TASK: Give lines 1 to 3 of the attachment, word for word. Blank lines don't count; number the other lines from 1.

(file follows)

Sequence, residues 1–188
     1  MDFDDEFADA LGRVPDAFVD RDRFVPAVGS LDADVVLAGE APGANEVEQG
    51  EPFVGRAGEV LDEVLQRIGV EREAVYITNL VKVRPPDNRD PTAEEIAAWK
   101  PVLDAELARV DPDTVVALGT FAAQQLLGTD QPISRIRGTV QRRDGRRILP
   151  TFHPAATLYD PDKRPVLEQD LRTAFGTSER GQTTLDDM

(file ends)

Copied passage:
Sequence, residues 1–188
     1  MDFDDEFADA LGRVPDAFVD RDRFVPAVGS LDADVVLAGE APGANEVEQG
    51  EPFVGRAGEV LDEVLQRIGV EREAVYITNL VKVRPPDNRD PTAEEIAAWK